Keep your side simple.

Once you’ve identified your contact and researched their market’s needs, it’s important that you introduce yourself and your company but that should be about the extent of it. Answer questions, yes, but keep the volunteering of information to a minimum. No one likes an over-bearing salesman so don’t be that type. Don’t immediately walk in and start handing out brochures/catalogs and start listing off benefits of X or Y product. That will overwhelm the customer and more than likely torpedo the chance of a sell. Their time is limited and you want to make the most of it. You’ll have the opportunity to demonstrate your companies value and worth, along with your products, when it comes time to make the actual sale. Until that time, save it!

Engage and listen.

After introductions, your best strategy is to engage the client by asking the right questions (and this is why prior research is key!) and listening to their needs. Do they have security goals or pending items that they wish to fulfill? What is their budget? What is their timeline? These questions, and more, can help you craft the best solution(s) possible for the client. In other words, don’t go into the conversation trying to sell a product, let the client spell out what they’re looking for, what they want. It’s not hard to sell something to someone that already wants to buy it. Remove any of the guess work by simply engaging and listening.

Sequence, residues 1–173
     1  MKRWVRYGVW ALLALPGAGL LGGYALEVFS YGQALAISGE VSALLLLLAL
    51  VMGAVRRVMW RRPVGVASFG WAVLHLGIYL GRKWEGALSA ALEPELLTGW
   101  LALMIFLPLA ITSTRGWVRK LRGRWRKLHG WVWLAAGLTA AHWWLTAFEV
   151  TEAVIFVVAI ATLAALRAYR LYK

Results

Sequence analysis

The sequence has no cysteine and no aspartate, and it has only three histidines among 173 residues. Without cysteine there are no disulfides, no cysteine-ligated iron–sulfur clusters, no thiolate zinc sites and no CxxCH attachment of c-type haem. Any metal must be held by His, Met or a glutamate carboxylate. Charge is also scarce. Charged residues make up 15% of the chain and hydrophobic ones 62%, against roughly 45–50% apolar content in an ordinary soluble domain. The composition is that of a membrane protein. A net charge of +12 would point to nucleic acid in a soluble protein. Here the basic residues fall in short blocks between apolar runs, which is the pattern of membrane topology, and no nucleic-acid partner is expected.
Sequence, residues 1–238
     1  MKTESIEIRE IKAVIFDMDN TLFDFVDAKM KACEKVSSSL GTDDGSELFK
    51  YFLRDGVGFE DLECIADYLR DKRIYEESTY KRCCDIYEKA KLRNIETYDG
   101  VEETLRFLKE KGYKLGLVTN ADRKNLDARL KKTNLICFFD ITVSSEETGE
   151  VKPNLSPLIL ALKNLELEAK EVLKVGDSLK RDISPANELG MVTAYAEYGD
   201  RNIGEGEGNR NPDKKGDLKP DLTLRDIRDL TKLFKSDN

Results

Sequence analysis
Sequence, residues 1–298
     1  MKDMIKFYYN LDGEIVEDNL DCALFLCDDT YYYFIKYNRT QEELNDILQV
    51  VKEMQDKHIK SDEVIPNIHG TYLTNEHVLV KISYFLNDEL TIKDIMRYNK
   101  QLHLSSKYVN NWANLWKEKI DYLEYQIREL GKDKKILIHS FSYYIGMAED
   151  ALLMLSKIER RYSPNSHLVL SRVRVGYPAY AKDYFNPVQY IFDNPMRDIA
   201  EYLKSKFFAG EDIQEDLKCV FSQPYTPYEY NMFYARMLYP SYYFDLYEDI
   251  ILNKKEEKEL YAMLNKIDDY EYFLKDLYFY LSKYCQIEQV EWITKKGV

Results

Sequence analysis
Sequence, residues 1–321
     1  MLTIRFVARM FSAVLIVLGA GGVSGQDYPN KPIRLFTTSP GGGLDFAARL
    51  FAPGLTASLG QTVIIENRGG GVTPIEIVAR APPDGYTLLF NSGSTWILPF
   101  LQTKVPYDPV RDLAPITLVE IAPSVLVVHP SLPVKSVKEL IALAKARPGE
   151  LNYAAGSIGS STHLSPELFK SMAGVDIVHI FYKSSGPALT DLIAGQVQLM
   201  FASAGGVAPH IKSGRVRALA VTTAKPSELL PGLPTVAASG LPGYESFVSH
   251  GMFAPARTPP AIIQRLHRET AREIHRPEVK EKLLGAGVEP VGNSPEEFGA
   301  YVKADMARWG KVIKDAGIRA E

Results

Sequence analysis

Create the opportunity to make the sale.

The initial meeting doesn’t always have result in a sale; in fact, it shouldn’t be your goal. Yes, it does sometimes happen if you’re cold-calling in your service vehicle, specifically for smaller tasks such as a simple rekey or a duplicate key, but the initial meeting should create the opportunity to make the sale. Once needs are identified, schedule a time with the prospective client where both parties can discuss solutions without distraction. That is the meeting where you make your sales-pitch and where you get a chance to make the sale. The number one goal of any cold-call should be to get to that meeting.